A number of issues we flagged in last week’s “Week Ahead” post or previously saw important developments last week, and we’ll be keeping an eye on them this week as well.
In the Colorado 14th Amendment case, filed in an effort to keep Trump off of the ballot, there was an unexpected result! The Judge ruled that Trump had participated in an insurrection, but then concluded the 14th Amendment didn’t apply because the president isn’t a public official for purposes of the provision. The case will now work its way up to the Colorado Supreme Court. They could agree with the decision by the trial judge, who heard all of the evidence, that Trump engaged in insurrection and overrule her on the public official assessment, which would mean Trump would be removed from the ballot in Colorado. But keep your expectations in check here. That would almost certainly mean the issue would have to go to the U.S. Supreme Court for a decision, and underlying this case and proceedings in other states seems to be a healthy dose of hesitation to remove the decision about who the next president should be from the hands of voters.
In the New York Attorney General’s fraud case, Judge Engoron ruled against Trump on his motion for a mistrial without any briefing, saying the arguments were so speculative that would be a waste of time. Trump argued the Judge’s law clerk violated New York law on political contributions. The Judge first explained why she hadn’t and then pointed out it didn’t matter because she wasn’t the one making decisions in the case, he was. In the meantime, Trump filed a separate action against Judge Engoron challenging his gag order. The appellate judge has stayed the gag order temporarily while that court looks at the case, and Trump went straight back to conduct that would have violated it had it still been in effect.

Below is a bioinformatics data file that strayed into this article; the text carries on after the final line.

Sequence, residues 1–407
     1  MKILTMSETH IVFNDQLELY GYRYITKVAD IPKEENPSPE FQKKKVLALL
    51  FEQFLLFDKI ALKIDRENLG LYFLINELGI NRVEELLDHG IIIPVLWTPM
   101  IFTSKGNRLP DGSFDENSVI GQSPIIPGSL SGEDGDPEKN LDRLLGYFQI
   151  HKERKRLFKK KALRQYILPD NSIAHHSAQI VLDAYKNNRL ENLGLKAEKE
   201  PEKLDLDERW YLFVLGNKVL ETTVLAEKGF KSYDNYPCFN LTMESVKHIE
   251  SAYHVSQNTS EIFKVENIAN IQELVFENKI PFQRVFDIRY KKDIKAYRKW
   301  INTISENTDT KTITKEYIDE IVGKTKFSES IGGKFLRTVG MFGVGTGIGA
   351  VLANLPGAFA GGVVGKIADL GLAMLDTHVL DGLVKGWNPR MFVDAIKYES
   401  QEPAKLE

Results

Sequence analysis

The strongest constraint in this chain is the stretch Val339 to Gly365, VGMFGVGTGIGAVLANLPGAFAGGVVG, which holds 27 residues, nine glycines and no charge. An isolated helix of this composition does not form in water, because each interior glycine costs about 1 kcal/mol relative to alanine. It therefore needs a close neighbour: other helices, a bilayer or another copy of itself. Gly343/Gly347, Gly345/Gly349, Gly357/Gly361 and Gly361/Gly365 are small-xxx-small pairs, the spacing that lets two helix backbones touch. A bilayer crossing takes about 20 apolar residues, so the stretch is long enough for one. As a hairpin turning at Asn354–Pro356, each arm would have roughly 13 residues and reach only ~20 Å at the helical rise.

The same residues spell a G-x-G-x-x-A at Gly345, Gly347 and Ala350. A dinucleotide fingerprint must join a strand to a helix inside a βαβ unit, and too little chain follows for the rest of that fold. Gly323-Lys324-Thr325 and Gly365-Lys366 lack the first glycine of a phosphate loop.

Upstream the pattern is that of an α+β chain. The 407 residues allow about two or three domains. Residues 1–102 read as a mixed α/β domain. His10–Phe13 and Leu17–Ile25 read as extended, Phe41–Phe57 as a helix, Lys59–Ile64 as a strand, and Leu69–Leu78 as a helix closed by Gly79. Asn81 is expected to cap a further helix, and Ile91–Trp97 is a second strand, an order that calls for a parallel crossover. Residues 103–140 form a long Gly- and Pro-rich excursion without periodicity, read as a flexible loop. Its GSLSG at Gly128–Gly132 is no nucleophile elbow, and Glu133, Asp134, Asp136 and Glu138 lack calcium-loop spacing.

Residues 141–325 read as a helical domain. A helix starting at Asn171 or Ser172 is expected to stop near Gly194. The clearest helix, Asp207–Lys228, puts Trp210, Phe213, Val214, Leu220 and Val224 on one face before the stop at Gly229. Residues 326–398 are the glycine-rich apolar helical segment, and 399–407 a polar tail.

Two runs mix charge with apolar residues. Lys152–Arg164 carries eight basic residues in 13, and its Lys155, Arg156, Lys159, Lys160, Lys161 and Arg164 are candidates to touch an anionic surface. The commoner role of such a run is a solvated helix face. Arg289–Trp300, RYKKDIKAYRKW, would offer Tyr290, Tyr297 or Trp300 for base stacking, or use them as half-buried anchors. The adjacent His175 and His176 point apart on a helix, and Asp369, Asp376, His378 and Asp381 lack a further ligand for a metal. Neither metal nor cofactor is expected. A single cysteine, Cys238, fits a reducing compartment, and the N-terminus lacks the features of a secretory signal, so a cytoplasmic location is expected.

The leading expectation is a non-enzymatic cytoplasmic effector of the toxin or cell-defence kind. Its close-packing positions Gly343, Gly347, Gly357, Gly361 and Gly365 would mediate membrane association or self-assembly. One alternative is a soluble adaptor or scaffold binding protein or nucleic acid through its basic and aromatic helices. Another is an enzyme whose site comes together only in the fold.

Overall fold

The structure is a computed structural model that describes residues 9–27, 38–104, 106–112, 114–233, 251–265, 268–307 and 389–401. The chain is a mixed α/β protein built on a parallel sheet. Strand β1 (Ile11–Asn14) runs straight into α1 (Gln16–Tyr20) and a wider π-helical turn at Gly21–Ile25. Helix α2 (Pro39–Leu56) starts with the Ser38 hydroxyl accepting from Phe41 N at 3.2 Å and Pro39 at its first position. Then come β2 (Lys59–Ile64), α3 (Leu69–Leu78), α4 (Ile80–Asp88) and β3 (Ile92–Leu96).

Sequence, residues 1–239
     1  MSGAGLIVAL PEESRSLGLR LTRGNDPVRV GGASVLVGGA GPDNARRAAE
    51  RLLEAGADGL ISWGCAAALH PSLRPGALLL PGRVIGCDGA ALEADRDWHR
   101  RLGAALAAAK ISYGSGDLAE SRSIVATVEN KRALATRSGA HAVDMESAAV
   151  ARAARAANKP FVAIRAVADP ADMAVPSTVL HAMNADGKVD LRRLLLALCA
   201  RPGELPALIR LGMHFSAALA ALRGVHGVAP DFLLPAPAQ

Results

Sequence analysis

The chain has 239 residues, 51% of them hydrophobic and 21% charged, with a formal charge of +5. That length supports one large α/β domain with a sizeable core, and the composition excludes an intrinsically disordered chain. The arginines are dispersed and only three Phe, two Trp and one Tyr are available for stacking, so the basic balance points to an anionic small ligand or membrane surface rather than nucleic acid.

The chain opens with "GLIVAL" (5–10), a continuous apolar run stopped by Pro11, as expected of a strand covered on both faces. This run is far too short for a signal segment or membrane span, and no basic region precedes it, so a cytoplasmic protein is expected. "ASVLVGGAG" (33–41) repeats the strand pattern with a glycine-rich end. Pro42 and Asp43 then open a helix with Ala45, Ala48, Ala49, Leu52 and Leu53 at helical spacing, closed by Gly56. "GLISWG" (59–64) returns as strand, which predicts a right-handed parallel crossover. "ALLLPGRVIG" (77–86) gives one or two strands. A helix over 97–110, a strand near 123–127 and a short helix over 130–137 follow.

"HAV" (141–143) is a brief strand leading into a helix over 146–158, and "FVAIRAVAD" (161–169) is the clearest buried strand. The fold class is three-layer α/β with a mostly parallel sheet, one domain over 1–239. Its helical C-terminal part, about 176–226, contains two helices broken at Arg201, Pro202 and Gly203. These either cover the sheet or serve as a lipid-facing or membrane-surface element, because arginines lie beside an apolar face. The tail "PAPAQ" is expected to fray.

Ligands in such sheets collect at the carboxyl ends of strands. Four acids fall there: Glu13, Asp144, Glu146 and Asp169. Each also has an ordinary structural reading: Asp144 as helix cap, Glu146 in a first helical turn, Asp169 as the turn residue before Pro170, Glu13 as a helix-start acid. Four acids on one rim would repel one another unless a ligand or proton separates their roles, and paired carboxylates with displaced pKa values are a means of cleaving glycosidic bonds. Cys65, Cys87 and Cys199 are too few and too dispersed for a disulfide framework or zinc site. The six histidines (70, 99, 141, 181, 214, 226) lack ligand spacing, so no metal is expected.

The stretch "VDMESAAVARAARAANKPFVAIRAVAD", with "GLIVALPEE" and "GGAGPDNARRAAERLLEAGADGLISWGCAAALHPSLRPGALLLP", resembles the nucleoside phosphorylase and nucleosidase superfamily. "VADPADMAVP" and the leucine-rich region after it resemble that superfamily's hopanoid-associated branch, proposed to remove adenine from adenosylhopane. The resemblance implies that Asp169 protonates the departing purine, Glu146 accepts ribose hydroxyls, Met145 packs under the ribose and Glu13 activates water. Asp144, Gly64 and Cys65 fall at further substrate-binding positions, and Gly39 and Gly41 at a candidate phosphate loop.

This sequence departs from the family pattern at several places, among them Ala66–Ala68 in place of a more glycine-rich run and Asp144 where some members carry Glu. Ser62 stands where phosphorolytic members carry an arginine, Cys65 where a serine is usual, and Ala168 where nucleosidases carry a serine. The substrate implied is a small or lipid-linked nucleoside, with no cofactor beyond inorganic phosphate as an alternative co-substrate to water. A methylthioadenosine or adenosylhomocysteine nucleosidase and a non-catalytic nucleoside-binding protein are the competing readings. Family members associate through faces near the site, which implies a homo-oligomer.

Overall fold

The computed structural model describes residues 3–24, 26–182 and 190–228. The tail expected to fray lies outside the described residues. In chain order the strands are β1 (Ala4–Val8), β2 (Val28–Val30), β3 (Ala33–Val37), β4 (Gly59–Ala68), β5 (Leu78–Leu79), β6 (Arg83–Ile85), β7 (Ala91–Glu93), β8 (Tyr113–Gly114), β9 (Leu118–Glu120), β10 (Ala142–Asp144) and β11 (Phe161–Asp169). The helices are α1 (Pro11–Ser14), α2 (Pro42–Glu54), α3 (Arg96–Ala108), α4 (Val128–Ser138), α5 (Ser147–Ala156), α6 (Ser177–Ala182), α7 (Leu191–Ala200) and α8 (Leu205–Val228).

In the Biden classified document investigation, there was reporting last week that Special Counsel Robert Hur, appointed to look into documents found in Biden’s post-vice presidential office and home, will not charge the President with criminal violations. This is precisely what we expected. Unlike Donald Trump, who was given every chance to return classified documents at Mar-a-Lago after the National Archives realized they were missing, Joe Biden (and Mike Pence, where prosecution was previously declined) both self-reported they had documents and returned them. Trump not only knew he had the documents, he arranged for them to be hidden from the government after receiving a subpoena. His deliberate, willful conduct is what separates him from Biden and Pence.
In the Fulton County case and the Mar-a-Lago case, there is news about trial dates. Fani Willis has asked for a trial date in August, likely in recognition of the fact that there are three other cases ahead of hers and that she anticipates her case will go on for months (by comparison, Jack Smith has estimated his election interference case will take six weeks at most). Willis says she expects her case will still be in progress in early 2025. But there may be some slack in Trump’s trial calendar, since Judge Cannon, last week, put off rulings on matters related to the introduction of classified documents at trial until a March 1 hearing date. Unless she suddenly kicks it into high gear at that point, that makes it unlikely those issues can be resolved in time for her current May scheduling. But, she still has that date on the books, making it technically unavailable for Willis or anyone else. Trump’s Atlanta lawyer Steve Sadow has asked the Judge for a hearing on the trial date in that case. No word yet on how quickly that will happen.
This week, I’ll be taking some time off to enjoy the rare alignment of the universe that permits all four of our (mostly) grown children to be home at the same time. Expect chicken pictures, and maybe a pie or two for good measure, but I’m going to take a little time off, although you can count on me to duck back in if there are major developments. In the meantime, I’d love to read your comments about your favorite Thanksgiving foods or traditions if you’re in the U.S. and any experiences you’ve had with them if you’re not!
We’re in this together,